Churches can now conduct civil partnerships, but should they even be allowed to conduct weddings?

The current legal situation around marriage and civil partnership is incoherent.

The current legal situation around marriage and civil partnership is incoherent.

Since 5th December, under the Marriages and Civil Partnerships (Approved Premises) (Amendment) Regulations 2011, religious bodies in England and Wales have had the right to register same-sex civil partnerships as well as religious weddings, should they wish to do so.

This doesn't mean that same-sex couples have had the right to bang on the door of their local parish church and demand that the vicar conduct a civil union ceremony. Quite the opposite, in fact. The Church of England has made it clear that it has no plans to avail itself of the provisions. No Anglican clergy, however liberal or enthusiastic at the prospect, will be entitled to conduct civil partnerships. And I'd guess the likelihood of the Roman Catholic Bishops Conference repudiating the Pope by signing up to the scheme is vanishingly small. Some believers may have better luck. Liberal synagogues are said to be keen on the measure, the Quakers have already signed up, and the United Reformed Church has promised to consider the matter in July.

It should be clear, then, that the government has bent over backwards to ensure that religious bodies are not compelled to endorse civil partnerships, even to the extent of making life difficult for clergy who, left to their own devices, would like to do so. Yet an Evangelical Tory, Baroness O'Cathain (pronounced "Cahoin"), today forced a House of Lords debate on the issue. Her motion, if passed, would have cancelled the new regulations. In the event, she withdrew it before it reached a vote. Perhaps the tone of the debate had led her to expect a heavy defeat. More likely, in getting the subject debated she had already achieved her aim.

It's not surprising to find Lady O'Cathain's name associated with today's move. A former director of the Barbican Centre ennobled by John Major, she has long had a reputation in the Lords as a campaigner for traditional and religious values. In 2004 she attempted to have civil partnerships excluded from her native Northern Ireland (her intervention, it is rumoured, led to her departure from the board of British Airways after Stonewall threatened a boycott). The same year she opposed the legal recognition of sex changes on the grounds that "the basic proposition of the Bill is mistaken. A man cannot become a woman. A woman cannot become a man".

She also mounted a rearguard attempt in 2008 to save the ancient crime of blasphemy, on the grounds that "as long as there has been a country called England it has been a Christian country, publicly acknowledging the one true God."

Her legal worries about the impact of the new regulations are almost certainly groundless - although to be fair their drafting is sufficiently obscure to allow lawyers to have led one of Britain's most distinguished judges, Baroness Butler-Sloss, to admit during the debate that she had some difficultly understanding them. But in any case, today's debate was mostly about putting down a marker.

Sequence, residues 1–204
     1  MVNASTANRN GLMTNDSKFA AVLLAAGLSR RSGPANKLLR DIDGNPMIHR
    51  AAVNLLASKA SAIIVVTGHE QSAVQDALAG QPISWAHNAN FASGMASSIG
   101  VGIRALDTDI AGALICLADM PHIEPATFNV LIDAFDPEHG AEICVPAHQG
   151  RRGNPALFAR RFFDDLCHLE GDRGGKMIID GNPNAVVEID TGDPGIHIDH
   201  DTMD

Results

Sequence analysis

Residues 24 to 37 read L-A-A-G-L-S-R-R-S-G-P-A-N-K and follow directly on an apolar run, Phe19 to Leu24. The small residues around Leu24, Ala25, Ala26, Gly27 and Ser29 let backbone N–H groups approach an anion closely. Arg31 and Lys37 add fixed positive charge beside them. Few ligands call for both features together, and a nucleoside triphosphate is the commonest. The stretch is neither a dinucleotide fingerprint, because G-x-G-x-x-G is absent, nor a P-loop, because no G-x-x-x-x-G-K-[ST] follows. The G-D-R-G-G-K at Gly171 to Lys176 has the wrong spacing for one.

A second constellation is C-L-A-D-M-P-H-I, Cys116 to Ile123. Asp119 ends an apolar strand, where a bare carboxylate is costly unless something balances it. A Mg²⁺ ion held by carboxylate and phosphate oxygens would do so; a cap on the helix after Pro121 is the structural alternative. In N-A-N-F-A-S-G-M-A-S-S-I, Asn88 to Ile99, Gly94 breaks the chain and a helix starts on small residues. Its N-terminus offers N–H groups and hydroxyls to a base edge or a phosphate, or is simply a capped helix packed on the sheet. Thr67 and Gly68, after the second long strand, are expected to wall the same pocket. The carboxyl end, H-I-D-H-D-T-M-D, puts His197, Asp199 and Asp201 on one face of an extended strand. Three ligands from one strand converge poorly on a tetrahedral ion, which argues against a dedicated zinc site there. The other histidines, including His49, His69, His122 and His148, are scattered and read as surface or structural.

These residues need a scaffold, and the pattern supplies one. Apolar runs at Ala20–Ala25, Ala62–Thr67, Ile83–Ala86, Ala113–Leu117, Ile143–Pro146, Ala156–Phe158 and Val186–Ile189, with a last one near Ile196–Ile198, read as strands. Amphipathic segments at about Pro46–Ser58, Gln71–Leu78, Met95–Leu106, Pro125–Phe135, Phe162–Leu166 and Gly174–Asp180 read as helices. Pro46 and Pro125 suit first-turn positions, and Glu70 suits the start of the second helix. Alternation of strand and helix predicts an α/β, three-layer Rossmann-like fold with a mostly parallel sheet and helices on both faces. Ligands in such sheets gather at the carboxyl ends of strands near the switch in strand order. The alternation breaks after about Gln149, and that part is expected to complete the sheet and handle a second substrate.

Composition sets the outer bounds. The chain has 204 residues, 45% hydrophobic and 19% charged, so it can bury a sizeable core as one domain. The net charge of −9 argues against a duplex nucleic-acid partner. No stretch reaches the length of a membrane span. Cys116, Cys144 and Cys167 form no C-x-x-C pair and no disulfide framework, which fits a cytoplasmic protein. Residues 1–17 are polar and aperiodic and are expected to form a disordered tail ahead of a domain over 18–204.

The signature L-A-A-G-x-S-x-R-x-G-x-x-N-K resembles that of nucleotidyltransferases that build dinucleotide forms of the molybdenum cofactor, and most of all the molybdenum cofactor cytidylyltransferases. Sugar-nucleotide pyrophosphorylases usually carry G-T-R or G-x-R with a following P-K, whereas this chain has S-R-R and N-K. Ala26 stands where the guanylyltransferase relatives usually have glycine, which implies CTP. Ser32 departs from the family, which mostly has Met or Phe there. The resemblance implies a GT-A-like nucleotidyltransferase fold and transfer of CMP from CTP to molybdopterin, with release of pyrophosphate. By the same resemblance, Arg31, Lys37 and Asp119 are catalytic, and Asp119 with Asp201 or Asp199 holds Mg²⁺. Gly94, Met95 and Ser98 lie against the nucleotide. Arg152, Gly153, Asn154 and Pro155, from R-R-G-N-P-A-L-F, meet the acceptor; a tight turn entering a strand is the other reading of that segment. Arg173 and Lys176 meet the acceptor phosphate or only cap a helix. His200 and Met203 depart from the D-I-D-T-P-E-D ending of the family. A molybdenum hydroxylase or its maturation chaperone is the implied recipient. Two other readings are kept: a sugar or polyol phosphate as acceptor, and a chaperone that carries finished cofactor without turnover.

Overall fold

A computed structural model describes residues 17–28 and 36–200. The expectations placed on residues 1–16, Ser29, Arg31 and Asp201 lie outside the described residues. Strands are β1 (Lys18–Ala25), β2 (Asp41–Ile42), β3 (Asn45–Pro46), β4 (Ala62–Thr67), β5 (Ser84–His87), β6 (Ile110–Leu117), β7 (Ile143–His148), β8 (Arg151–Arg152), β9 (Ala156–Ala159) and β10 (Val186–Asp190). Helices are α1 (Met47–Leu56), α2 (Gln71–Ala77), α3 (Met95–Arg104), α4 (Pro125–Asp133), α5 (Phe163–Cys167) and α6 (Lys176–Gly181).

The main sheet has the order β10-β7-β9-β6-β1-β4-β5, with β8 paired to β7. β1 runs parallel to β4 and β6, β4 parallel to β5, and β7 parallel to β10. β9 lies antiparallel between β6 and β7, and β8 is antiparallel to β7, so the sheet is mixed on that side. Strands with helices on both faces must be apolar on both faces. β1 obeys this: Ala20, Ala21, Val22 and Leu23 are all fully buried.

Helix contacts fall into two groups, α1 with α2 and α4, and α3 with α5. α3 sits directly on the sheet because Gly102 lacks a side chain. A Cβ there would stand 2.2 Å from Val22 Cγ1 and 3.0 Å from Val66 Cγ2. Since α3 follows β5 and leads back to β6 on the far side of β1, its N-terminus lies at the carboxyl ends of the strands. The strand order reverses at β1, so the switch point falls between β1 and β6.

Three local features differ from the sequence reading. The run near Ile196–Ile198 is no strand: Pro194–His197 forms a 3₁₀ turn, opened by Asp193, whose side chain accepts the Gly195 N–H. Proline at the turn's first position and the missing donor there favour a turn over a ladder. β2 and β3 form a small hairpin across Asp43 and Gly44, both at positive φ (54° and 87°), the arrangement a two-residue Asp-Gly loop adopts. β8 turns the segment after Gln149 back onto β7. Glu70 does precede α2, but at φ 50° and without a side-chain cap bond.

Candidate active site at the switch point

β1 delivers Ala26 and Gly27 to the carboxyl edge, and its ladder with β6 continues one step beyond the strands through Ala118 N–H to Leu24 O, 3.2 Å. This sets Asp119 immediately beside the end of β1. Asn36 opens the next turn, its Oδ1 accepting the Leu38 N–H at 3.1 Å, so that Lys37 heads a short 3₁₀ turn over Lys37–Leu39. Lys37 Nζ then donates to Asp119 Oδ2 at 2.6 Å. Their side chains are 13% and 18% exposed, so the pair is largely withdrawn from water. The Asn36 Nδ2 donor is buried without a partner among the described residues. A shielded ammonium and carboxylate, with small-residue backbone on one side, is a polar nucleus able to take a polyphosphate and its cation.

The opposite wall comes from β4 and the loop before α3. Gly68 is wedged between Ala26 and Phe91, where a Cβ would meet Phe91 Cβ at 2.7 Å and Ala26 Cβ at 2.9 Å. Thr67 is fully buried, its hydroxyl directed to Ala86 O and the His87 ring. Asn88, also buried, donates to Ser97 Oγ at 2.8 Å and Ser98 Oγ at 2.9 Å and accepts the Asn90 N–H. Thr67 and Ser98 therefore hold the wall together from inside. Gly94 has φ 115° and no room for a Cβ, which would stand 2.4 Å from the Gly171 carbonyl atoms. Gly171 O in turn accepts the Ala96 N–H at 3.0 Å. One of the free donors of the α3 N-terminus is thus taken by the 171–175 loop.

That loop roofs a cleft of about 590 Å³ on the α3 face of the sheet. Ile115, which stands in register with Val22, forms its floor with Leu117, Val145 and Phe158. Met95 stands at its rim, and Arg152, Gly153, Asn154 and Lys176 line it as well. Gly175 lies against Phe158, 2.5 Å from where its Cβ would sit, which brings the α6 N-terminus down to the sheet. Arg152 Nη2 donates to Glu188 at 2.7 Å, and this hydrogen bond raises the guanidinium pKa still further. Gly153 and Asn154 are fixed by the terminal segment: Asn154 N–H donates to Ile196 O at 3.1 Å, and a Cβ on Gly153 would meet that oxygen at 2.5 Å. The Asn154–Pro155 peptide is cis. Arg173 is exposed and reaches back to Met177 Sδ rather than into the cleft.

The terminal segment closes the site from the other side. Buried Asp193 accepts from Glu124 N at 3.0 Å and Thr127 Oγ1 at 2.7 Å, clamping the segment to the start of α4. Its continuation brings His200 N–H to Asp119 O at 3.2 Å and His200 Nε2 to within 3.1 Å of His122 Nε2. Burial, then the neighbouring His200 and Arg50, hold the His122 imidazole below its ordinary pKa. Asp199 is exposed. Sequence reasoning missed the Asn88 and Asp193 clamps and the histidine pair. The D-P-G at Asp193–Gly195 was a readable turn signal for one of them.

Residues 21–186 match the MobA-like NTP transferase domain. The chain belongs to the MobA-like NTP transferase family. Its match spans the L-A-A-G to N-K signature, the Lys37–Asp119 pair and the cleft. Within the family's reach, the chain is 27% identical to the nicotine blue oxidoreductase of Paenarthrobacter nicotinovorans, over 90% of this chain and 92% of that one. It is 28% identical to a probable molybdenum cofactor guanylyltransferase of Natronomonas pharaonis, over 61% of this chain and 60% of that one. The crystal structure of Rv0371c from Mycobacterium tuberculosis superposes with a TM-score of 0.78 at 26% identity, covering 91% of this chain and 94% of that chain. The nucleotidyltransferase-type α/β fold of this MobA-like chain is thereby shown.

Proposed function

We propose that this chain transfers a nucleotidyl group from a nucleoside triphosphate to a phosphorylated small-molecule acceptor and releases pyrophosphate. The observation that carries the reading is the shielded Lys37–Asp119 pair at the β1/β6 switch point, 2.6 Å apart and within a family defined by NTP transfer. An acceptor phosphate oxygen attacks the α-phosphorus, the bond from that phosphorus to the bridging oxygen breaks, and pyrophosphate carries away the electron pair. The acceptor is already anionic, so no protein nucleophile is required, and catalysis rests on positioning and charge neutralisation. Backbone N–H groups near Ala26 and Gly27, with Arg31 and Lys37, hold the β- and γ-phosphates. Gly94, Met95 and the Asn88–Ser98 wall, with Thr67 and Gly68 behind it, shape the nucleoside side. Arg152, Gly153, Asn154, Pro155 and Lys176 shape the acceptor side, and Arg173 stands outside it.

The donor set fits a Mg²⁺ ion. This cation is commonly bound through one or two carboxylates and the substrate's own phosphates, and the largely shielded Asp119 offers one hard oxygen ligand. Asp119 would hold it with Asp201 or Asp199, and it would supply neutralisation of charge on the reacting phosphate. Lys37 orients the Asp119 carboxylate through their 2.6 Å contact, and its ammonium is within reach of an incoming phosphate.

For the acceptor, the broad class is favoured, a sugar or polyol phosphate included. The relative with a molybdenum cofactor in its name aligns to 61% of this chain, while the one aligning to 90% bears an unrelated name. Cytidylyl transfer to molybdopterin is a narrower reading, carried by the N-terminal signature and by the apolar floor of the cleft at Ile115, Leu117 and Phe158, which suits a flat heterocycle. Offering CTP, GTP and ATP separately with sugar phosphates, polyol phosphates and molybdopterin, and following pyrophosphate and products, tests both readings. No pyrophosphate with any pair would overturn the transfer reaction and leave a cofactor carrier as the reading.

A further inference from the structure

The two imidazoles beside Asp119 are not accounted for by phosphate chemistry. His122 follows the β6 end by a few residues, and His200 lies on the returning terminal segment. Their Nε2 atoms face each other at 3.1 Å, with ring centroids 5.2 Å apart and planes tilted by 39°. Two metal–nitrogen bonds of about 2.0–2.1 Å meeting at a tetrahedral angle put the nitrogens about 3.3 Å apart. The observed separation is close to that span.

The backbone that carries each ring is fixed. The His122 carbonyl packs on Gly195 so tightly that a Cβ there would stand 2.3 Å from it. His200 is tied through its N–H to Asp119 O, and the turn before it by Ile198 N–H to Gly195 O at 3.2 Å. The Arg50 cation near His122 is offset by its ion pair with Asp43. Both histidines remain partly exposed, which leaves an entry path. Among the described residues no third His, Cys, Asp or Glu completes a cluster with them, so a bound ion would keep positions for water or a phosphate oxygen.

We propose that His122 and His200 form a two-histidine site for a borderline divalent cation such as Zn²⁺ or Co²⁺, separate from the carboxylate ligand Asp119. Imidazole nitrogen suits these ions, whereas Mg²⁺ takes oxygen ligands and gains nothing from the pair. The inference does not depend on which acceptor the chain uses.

What really frightens campaigners of Lady O'Cathain's mindset is the government's desire to legalise full-fledged gay marriage. The current distinction between (exclusively heterosexual) marriage and (exclusively homosexual) civil partnership may be largely an artificial one but it does have significant cultural and religious implications. Many gay couples want to be allowed to call themselves married. Some heterosexual couples would prefer to live without the historical baggage of the word. To offer both types of partnership to every sort of couple seems both liberal and logical.

But not without difficulty. As long as the two are distinct, churches and other religious organisations that offer marriage can legally do so only to heterosexuals; and if they decline to offer civil partnerships to gay people they will not be available to heterosexuals, after all. There will be no discrimination involved, at least not a discrimination that would engage the 2010 Equality Act.

But as soon as marriage is open to all regardless of sexual orientation (and perhaps civil partnership too) this position becomes much harder to sustain. So too does the current distinction between civil weddings and those conducted in a church or other religious building. Something will have to give. Either marriage (and civil partnership) registration will have to become a purely civil matter, with religious bodies free to offer blessings afterwards if they so desire (that being, after all, no concern of the state). Or else, conversely, the state should remove itself from the marriage business entirely and leave it to churches and other voluntary associations to conduct ceremonies and offer pieces of paper to their members that have no more than internal or spiritual relevance. In that case the legal registration of relationships would become a purely administrative matter.